1. I have a atm biological filter on my freshwater tank which will be used for the sw once i have the water cycled. and just read in this thread that bio-balls are no good is this true and how about active carbon?

2. When people say i have a 20g set up is that like 20litres or im not sure?

3.The spot that i have in mind is in direct sunlight will this be beneficial or harmul to my setup?

 

Thats all i can think of atm plaese bare with me as i have learnt the hard way when i started my freshwater tank and want to get this right the first time.

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Sexy Shrimp

this is the thread for answers not questions. if you post in the beginners section you might have more responses :)

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Withers
If I know what's in my tap and can treat the water effectively for it, what are the other drawbacks/issues with using tap? What is the normal cost of RO/DI water and where should I look to purchase it? (My LFS does not supply it.)

 

That's not possible, especially if you live in the city. Reef tanks are complex systems and the stuff that gets added to tap water is completely foreign in coral reefs and as such may have an unforeseeable effect on your corals.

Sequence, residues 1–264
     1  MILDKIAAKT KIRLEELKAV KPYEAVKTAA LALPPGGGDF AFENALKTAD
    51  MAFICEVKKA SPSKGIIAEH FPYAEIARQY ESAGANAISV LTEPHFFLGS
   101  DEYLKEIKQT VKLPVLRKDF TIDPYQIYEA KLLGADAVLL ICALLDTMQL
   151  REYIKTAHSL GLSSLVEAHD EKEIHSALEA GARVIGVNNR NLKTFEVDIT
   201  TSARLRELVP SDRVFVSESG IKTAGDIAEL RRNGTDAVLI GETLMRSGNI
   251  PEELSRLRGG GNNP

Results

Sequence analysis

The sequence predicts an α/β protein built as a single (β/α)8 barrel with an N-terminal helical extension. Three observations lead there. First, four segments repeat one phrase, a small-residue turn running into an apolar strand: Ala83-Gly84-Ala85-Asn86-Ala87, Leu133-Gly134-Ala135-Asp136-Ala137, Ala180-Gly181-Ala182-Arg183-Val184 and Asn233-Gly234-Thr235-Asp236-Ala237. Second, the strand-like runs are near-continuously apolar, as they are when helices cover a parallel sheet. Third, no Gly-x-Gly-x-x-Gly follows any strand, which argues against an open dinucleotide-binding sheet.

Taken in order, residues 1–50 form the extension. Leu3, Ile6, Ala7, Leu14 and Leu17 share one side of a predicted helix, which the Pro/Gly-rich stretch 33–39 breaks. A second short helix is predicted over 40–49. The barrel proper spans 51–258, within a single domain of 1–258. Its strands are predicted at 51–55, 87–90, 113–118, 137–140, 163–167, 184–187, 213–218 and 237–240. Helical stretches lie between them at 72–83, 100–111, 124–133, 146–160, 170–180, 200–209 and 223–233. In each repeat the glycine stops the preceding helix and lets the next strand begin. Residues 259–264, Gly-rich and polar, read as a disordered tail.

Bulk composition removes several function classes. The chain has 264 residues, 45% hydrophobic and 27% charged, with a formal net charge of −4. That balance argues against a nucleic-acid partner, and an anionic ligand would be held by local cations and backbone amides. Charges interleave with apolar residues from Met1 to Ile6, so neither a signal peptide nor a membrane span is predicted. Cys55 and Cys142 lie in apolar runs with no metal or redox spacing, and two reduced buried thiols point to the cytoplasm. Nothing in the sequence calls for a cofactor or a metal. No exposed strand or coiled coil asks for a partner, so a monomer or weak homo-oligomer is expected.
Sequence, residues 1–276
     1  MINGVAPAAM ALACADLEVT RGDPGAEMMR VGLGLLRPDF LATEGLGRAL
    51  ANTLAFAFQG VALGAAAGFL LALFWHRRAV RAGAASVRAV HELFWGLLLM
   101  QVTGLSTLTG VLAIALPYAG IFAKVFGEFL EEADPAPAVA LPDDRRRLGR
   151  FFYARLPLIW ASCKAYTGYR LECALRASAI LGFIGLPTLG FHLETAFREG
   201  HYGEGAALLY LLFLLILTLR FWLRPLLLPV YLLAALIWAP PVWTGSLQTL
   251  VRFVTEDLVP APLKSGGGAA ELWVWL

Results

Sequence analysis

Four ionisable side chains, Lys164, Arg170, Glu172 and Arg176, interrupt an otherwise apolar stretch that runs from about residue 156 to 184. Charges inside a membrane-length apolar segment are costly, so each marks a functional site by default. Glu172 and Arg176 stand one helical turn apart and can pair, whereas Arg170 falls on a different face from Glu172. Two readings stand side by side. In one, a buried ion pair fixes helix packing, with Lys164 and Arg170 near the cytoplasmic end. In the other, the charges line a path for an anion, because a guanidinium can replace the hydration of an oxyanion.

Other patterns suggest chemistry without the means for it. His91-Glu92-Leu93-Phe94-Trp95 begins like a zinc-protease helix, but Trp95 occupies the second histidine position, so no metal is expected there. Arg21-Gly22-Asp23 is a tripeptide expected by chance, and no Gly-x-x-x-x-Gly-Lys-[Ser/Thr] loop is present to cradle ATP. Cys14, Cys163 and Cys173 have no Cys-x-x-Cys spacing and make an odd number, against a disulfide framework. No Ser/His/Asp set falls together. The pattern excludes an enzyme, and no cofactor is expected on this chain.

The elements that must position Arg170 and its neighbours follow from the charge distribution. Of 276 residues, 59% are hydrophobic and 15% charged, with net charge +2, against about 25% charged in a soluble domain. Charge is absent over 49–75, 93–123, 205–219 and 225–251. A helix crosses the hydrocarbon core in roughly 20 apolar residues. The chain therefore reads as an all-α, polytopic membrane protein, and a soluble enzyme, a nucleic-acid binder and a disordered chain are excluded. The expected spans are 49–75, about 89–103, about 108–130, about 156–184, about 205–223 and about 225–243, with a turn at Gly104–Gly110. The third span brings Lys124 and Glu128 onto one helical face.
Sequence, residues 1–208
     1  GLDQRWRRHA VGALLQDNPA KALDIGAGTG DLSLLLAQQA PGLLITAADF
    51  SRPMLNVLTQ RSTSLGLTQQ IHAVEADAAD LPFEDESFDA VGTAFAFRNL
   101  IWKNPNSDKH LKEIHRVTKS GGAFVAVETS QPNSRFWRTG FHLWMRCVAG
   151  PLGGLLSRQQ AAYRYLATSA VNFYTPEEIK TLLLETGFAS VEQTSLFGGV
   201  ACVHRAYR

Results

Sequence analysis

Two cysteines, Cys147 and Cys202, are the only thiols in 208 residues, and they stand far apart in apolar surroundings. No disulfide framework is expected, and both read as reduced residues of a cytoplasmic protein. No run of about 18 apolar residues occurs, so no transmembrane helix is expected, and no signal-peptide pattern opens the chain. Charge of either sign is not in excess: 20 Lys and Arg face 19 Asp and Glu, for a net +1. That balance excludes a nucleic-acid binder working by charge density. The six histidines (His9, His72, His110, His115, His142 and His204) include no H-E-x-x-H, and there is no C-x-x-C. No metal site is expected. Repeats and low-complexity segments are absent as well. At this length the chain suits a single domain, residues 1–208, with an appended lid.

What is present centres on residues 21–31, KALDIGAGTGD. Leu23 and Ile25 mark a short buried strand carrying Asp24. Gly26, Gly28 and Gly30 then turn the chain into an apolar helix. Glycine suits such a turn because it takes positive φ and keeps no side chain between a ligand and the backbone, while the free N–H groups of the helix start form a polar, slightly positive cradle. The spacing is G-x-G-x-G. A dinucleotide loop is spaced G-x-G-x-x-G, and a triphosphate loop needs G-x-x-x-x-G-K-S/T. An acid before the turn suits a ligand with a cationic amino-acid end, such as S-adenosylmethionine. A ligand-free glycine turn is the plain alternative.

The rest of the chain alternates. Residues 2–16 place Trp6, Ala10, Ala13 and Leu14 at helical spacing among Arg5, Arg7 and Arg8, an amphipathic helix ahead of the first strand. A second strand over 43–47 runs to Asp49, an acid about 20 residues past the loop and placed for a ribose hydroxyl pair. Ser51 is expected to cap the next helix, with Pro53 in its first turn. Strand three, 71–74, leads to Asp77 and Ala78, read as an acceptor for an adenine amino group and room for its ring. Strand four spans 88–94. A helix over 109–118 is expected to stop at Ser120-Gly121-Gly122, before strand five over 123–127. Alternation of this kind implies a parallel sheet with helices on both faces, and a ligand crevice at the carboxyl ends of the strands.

The normal cost of an RO/DI unit ranges from about $100 to $200 and the filters will easily last you a year. Before I had my own filter I was paying anything from $.35 a gallon to $.10 a gallon.

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lakshwadeep
That's not possible, especially if you live in the city. Reef tanks are complex systems and the stuff that gets added to tap water is completely foreign in coral reefs and as such may have an unforeseeable effect on your corals.

 

The normal cost of an RO/DI unit ranges from about $100 to $200 and the filters will easily last you a year. Before I had my own filter I was paying anything from $.35 a gallon to $.10 a gallon.

 

+1. "Treating" tap water is not the same as "filtering" tap water. Filtering your water is the only way to remove unwanted compounds and ions. Treating, at best, only neutralizes the toxicity of certain things like chlorine/chloramine; it does not remove them from the water.

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jwalsh1

I know Im a n00b to reefs, but I do have lots of aquarium experience and I have 3 suggestions that may apply:

 

1. When you can, sent up a quarentene tank. I wish I would have. Learn that QT means quarintene tank because its difficult to spell!

 

2. Try your best to use the scientific names when referring or researching something; it assures that you are all referring to the same creature. Sometimes a creature may have several different names and their care requirements can be vastly different.